GPS over multi-mode fibre link system
Utilise low-cost and readily-available multi-mode fibre to extend the distance between outdoor antenna and GPS repeater/receiver up to 1500 meters.
Multi-mode fibre optic cables – background
Multi-mode fibre (MMF) is a type of optical fibre mostly used for communication over short distances, such as within a building or on a campus.
MMF is commonly used to support data traffic such as TCP/IP. It can be used to inter-connect switches and routers within the data infrastructure, and is sometimes used as a secure direct connection to desktop devices.
This cost-effective infrastructure can also be used to transport GNSS/GPS signals across distances up to 1500 meters from the antenna.
Why are GNSS/GPS signals needed inside a building?
There are two main reasons for wanting a GNSS/GPS signal inside a building.
- In addition to longitude, latitude, and altitude, GNSS/GPS signals provide a fourth dimension – time. Each satellite contains multiple atomic clocks, which contribute very precise time data to the GPS signals.
The timing element of a GNSS/GPS signal is used to synchronise data networks to the highly accurate atomic clocks. Applications include financial markets, power generating companies and industrial control systems, as well as fixed-line and cellular communications networks.
- GNSS/GPS repeaters are used to provide signal in areas where it is not normally present.
A large building with laboratories, workshops and classrooms, for example, may use GPS signals to allow operation and testing of systems, without the need to go outside the building to achieve a GPS lock.
A GPS over fibre system allows the distribution of signal into spaces where coaxial cable may be impractical or unavailable.
StarLink RVL-1 link system for extending GNSS/GPS signals over multi-mode fibre.
FalTech recommends the StarLink RVL-1 link system for extending GNSS/GPS signals over multi-mode mode fibre.
The weatherproof TX unit is mains-powered and can be mounted indoors or outdoors. It is designed to withstand extremes of temperature and adverse weather conditions.
The TX unit is placed near to the outdoor receiving antenna, and converts the RF signals into light by modulating a laser light source. The modulated light is then transported through an optical fibre to the optical receiver (RX) unit.
At the other end of the fibre optic link, the RX unit converts the light signal back into its original RF form, then amplifies and impedance matches it to the attached GPS receiver/repeater.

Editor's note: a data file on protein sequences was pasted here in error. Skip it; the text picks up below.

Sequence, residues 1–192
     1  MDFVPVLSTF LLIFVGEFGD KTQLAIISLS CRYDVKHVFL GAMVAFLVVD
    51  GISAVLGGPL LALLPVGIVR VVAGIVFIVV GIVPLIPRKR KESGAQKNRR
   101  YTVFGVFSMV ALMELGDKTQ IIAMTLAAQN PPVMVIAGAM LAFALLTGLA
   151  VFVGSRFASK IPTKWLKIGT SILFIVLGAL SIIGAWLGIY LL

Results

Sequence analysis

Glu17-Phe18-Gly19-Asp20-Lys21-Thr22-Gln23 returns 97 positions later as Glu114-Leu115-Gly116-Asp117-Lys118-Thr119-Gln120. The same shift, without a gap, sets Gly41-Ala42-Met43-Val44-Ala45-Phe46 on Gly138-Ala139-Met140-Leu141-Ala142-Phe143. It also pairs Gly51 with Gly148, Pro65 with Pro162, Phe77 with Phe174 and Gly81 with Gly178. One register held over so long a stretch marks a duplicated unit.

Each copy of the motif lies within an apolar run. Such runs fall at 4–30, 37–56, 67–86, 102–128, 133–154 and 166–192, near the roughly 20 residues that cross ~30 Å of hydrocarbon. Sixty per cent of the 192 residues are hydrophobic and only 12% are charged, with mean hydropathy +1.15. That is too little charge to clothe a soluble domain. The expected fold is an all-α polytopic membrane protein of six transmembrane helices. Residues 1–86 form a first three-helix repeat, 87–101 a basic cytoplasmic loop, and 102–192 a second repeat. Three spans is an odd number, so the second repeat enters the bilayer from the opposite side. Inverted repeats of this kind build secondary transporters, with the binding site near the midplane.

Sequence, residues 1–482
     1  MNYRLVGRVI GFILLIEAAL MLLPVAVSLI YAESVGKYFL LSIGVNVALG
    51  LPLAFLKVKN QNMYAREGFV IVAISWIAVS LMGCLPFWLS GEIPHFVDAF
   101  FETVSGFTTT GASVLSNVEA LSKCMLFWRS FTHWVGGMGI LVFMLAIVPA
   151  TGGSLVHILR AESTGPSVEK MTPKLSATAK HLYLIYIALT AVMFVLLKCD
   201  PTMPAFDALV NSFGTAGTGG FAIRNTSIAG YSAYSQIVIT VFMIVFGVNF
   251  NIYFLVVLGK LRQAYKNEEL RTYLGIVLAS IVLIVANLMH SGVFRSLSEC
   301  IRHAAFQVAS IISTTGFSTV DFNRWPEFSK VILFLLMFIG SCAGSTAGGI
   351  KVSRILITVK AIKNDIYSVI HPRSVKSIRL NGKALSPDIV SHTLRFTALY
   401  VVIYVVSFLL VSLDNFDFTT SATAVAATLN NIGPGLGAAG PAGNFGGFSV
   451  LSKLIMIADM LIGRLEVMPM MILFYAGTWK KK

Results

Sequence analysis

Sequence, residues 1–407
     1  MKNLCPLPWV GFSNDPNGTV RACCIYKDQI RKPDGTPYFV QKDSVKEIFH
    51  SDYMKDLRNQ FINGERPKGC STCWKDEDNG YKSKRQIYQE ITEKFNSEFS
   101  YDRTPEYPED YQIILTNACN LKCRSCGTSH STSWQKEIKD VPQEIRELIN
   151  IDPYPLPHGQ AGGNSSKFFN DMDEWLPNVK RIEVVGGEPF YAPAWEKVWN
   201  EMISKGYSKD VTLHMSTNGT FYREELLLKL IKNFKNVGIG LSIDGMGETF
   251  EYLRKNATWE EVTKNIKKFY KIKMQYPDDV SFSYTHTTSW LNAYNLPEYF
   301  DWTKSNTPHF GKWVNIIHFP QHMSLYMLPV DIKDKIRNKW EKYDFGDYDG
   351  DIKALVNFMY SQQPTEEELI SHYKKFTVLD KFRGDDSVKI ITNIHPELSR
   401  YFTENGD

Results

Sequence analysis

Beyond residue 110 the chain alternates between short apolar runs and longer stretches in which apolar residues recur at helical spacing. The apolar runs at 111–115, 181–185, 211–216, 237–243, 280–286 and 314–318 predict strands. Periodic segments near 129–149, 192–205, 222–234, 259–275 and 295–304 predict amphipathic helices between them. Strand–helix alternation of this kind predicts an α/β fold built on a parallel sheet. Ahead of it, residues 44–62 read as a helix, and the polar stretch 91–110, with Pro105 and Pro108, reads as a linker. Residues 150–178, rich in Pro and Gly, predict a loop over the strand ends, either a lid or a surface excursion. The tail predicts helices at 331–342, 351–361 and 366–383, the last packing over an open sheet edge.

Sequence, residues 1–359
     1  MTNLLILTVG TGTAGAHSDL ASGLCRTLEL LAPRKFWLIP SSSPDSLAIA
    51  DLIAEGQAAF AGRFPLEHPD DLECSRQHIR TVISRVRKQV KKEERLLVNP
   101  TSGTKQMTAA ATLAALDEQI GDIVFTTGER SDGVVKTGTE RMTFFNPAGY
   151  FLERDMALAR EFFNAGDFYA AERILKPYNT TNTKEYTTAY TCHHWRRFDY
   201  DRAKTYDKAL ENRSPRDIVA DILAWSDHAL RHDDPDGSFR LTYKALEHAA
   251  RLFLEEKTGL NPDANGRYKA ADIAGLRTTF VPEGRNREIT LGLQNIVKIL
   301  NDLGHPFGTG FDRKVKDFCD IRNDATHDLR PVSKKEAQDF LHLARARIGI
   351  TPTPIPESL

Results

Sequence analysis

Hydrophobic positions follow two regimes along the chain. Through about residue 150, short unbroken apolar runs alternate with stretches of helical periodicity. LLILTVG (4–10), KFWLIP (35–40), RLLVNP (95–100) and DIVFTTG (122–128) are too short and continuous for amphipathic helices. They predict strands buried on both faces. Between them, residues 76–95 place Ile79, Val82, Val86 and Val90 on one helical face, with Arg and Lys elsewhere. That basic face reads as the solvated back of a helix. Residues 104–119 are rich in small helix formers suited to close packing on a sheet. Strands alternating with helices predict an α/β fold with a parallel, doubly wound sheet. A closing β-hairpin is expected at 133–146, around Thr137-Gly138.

When the antenna and cable are intact and correctly installed, the TX unit will sense current draw through the low noise amplifier (LNA) in the antenna and will switch on the laser light source to the fibre.
The RX device receives light signals from the TX via the fibre. The RX unit LED shows green.
If the antenna or feeder cable are broken, or disconnected, the TX unit senses that no current is being drawn by the LNA and turns off the laser light source. The RX unit LED shows red.
The sensing circuit is a protection function of the RVL-1 , that prolongs the laser life by switching it off when there is no antenna connected.
RVL-1 GPS-over-fibre example applicatoin
RVL-1 system providing GNSS/GPS timing signals in a datacentre
- The outdoor antenna receives a 5V bias voltage through the coaxial cable from the active splitter.
- The surge protector provides protection for the equipment “downstream in case of a lightning strike.
- The active splitter is lossless, and passes incoming signal to up-to 8 outputs.
- The TX units convert RF signal to light and launches it down the fibre optical link cables to the RX units.
- The RX units convert the optical data back to RF and outputs the GPS stream to the attached PNT servers.
Benefits of fibre optic cable
- Increased range when compared to coaxial cable systems – up to 1,500 metres on multi-mode fibre, and 10Km over single-mode fibre
- Optical fibre is a non-conducting dielectric glass media, is immune to strong electromagnetic fields and can be installed near high-voltage cables
- Signals suffer minimal degradation or delay
- Optical fibres can be routed safely through explosive or flammable atmospheres, for example, in petrochemical industries or munitions sites, without risk of ignition
- With the appropriate conversion devices, optical fibres can carry a huge range of RF signals with much less energy than copper cable and with significantly higher bandwidth
- Compared to thick, low-loss coaxial cable it is small, lightweight, easier to install and is durable
- The cost of a 200m single-mode fibre link is lower than the equivalent length of coaxial cable and amplifiers
There are many ways in which GPS over fibre can be used, aside from the application example shown above.
For more information, or to request a quote, select the Contact button below.
GPS signals can be transported over much larger distances via single-mode fibre.
Need help to decide which system is right for you?
Or call us on